How an upcycled bed frame transformed our IKEA hack built-ins into a functional DIY home office
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The pandemic is (just about) over so you might be wondering why we needed a DIY home office? Over the past couple of years, a lot has changed at Douglas HQ. We've both gone from being full-time employees (with the associated joys of commuting and office politics) to 100% WFH, freelance creatives. No longer working for the man, instead masters of our own destiny but all the while fighting over the kitchen table as we didn't have a single spare room to use as an office! After trialling various console tables and other furniture as make-shift desks I decided that we needed a more practical solution.
A kid's bedroom reshuffle produced an old bed frame (well actually just the head and foot parts but I don't think they have a joint name), to save a tip-run to dispose of it, I tasked myself with repurposing the wood to create a desk - ideally a pull-out one so it could be hidden when not in use. I was pretty sure I could adapt my IKEA hack BILLY built-in shelves to house the desk so I set about drawing up a design. I purposefully kept it very simple as function was the main driver on this project.
Here's my step-by-step guide for how I upcycled the bed frame into a pull-out desk and snazzy DIY home office.
1. Make pull-out desk frame
I adapted the bed head to create a pull-out frame for the desk to sit on. It was super simple and the main idea was for it to be sturdy blend in with the built-in shelves when pushed back and not in use.
2. Adapt the built-in shelves
I removed a middle shelf where the computer monitor would need to sit and a shelf that would have been knee-height to accommodate someone sitting at the desk and mirrored these changes on the far RHS bookcase. I took the fake shelf fronts off first, to make the actual shelf removal easier, which reminds me, people always ask how I got the shelf-fronts to look thicker than the classic thin BILLY shelves and it was super simple. I stuck some 50mm wide MDF strips over the actual shelf fronts with No More Nails grab adhesive, then filled any gaps with flexible filler, sanded, primed and painted. Taking them off was really easy, just a case off pulling the overhanging MDF strip and levering off.
3. Build pull-out mechanism
I wanted to create a simple way to keep the desk frame sturdy when in use but without adding lots of extra pieces that would make it bulky and stand out from the main structure of the shelves, so I had a really simple idea to use slats from the bed-frame to create a guide fixed to the side of the built-ins for the protruding support pieces to slot into.
As you can see from the picture, this was certainly a no-frills approach but there was no need to reinvent the wheel here, it just needed to work. I reused some of the holes that had been drilled for when it was a bed frame, hence why some of them look a bit larger than the others.
This was actually a prototype, after I had tested it to check it worked I moved it down the wall closer to the floor, to made it easier to hide (with a storage basket).
4. A coat of paint
This DIY project is part of a larger overhaul of the downstairs of our house and as such I changed the colour of the whole built-in shelf unit at the same time as creating the pull-out desk. I opted for Farrow and Ball's Dimity as its a calming neutral shade that's not cold or grey. You can also see from the image below that I had started adding some extra compartments in to the central shelves.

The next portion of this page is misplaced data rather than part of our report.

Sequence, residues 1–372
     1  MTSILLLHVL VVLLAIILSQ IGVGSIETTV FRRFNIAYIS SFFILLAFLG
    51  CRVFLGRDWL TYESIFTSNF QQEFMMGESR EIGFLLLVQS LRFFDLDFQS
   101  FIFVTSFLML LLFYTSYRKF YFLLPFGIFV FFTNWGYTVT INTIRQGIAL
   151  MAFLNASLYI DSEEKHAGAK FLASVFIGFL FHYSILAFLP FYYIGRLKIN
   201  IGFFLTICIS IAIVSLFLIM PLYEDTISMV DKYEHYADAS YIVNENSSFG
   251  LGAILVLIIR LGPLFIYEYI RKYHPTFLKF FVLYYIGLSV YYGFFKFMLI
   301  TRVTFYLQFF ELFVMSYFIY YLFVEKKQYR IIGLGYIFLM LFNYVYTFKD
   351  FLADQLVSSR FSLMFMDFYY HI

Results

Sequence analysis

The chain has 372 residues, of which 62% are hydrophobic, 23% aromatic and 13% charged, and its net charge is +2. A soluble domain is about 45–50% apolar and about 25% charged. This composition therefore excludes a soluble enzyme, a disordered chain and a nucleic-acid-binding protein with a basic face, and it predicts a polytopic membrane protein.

5. Add shelf compartments
I was keen to take this opportunity to add in some extra compartments to the central shelves to add some interest and make them look more bespoke and less 'BILLY'. I had a great idea (well i thought it was anyway!) to use the shelves that I had removed and repurpose them into the compartment dividers as they would be the exact depth already, so would only need cutting to the desired lengths.
As you can see from my excellent (ah-hem!) drawing above, I'd planned to create a symmetrical arrangement with the extra dividers, but upon creating them in real-life I thought it looked a bit twee and decided to go a bit more interesting still with an asymmetrical set-up (below).
6. Make the desk
I used a couple of pieces of MDF sheet to create the desk top as I wanted it to fold up into the shelf when not in use and then flatten out when you needed it. I taped the pieces together with strong paintable tape to allow the fold in the middle to be really flexible. It's exactly the same principal as the board in a board game (think Scrabble for example) when it folds up to fit in the box and then opens up when you play. I then primed and painted it the same colour as the shelving so that it would blend in perfectly.
And there you have it, a super simple, low budget (no cost at all actually as I upcycled all the wood) pull-out desk. To finish off the DIY home office I channelled holes through the built-in shelves for the power cable of the computer. I was able to do this as we fortunately had a plug socket in the bottom of the middle RHS cupboard. This meant we could then fit the computer in the space I had made by removing the shelf and power it up ready for use.
The results of the DIY home office upcycled transformation.
I need to take some official 'after' images with the shelves all styled up, but I didn't want to delay sharing this until then as I know what I'm like, and it could be weeks and weeks! So here are the rough and ready final pics to give you idea.
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